As we’re preparing for an IEP meeting at some point in the near future, the thing that keeps jumping out at us is the need for an environment where they can intensively work on his communication skills.
Now, it’s never been a secret that the Monster has issues with communication – R, his younger brother by four years, speaks in nearly complete sentences on a regular basis, while the Monster speaks in fixed snippets most of the time. He can read letters, and he can make out some sight words, but he’s hardly “reading”, and he’s not really speaking on anything approaching an appropriate age-level. And half the time… it’s a guessing game.
That’s not to say that he doesn’t communicate effectively a good portion of the time. He’ll frequently say things that are very clearly intended and have definite meanings. There are, after all, few enough ways to interpret the declaration of “Eat!” or “Drink!” Or, when it’s late (for him) and he starts edging towards the stairs to go up, it’s clear that he’s ready to sleep and is mostly waiting for us to ask him if he wants to go to bed. Or if he starts on about “beans”, we know that means he took himself to the bathroom, since jelly beans are his reward for toileting properly.
On the other end of the spectrum, so to speak, there are the random fill in words. I can’t tell you how often I have the word “Banana!” shouted at me, and have to guess what he’s talking about. (The Monster does eat bananas, but that’s not entirely that frequent, and he’ll often shout it when the food-item isn’t in appropriate context.) Or “Ernie and Bert”, and I’m supposed to guess what it means, because that’s usually out of the blue as part of a conversation which has little to do with public television.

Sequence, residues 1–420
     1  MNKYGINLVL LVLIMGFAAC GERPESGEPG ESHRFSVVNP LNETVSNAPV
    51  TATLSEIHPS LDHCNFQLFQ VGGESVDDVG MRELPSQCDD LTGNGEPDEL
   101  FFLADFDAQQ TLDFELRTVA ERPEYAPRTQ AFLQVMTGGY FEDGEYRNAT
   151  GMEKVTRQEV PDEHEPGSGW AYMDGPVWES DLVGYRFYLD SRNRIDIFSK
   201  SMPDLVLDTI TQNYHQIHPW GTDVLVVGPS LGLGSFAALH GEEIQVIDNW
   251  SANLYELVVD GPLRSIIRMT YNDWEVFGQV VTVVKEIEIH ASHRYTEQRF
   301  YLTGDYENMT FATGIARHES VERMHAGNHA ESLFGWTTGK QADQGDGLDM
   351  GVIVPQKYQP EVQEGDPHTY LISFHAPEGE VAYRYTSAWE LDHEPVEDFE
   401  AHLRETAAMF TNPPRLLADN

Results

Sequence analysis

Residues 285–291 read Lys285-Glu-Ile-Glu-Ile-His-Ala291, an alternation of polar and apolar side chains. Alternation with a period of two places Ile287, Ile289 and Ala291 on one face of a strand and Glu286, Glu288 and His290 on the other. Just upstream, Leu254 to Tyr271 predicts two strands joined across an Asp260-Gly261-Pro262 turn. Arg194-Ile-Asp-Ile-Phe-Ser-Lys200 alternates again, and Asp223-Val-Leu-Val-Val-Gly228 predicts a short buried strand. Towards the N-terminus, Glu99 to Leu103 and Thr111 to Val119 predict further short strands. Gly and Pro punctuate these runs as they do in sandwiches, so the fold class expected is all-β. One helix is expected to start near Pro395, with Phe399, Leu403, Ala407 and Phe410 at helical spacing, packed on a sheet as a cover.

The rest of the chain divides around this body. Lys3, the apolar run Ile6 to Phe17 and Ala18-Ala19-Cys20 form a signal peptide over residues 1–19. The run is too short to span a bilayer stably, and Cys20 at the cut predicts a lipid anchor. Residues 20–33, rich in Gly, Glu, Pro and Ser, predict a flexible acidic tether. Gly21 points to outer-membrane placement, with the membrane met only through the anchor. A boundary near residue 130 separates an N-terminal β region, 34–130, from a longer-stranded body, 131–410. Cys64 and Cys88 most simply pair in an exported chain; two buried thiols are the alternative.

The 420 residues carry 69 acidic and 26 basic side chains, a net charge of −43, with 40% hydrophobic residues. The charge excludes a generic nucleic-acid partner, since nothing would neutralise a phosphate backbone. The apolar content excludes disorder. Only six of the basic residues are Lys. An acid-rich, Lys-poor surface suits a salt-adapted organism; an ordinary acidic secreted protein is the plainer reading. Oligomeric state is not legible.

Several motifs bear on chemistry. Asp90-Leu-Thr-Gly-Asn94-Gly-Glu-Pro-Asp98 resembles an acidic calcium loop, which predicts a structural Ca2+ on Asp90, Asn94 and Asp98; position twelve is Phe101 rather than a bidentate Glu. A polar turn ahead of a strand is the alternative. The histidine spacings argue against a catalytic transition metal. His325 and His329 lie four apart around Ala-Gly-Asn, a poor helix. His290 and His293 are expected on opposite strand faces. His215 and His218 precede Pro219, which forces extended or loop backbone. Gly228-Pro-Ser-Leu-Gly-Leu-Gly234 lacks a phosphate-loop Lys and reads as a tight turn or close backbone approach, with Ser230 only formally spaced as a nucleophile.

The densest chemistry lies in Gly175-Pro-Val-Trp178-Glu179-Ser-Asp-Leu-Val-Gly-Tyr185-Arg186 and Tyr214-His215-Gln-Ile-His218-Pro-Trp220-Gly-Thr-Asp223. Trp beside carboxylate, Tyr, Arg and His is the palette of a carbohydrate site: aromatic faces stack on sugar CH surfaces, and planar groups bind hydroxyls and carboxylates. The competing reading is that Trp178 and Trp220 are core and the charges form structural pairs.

So before y’all start suggesting, “why don’t you ask him questions and see if you can figure out what he means,” yes… asking questions is an excellent way to find out answers. (Thank you again, Sesame Street.) Except that he answers ‘yes’ to almost everything, even when he means ‘no’. (He’s quite capable of saying no when he really wants to say no, like when we offer him a food item that he’s not familiar with or in the mood for. I think he says yes because he likes pleasing people.) Getting to the root of it usually involves the slow, careful offering of a slew of options until you get something that he’s going to latch on to, or until he gives an emphatic response one way or the other.
I’m very hopeful that we can get him into a program that works intensively on these skills next year… if only because the longer this is left where it is, the harder it’s going to be to integrate him into society later, and the more stress on us…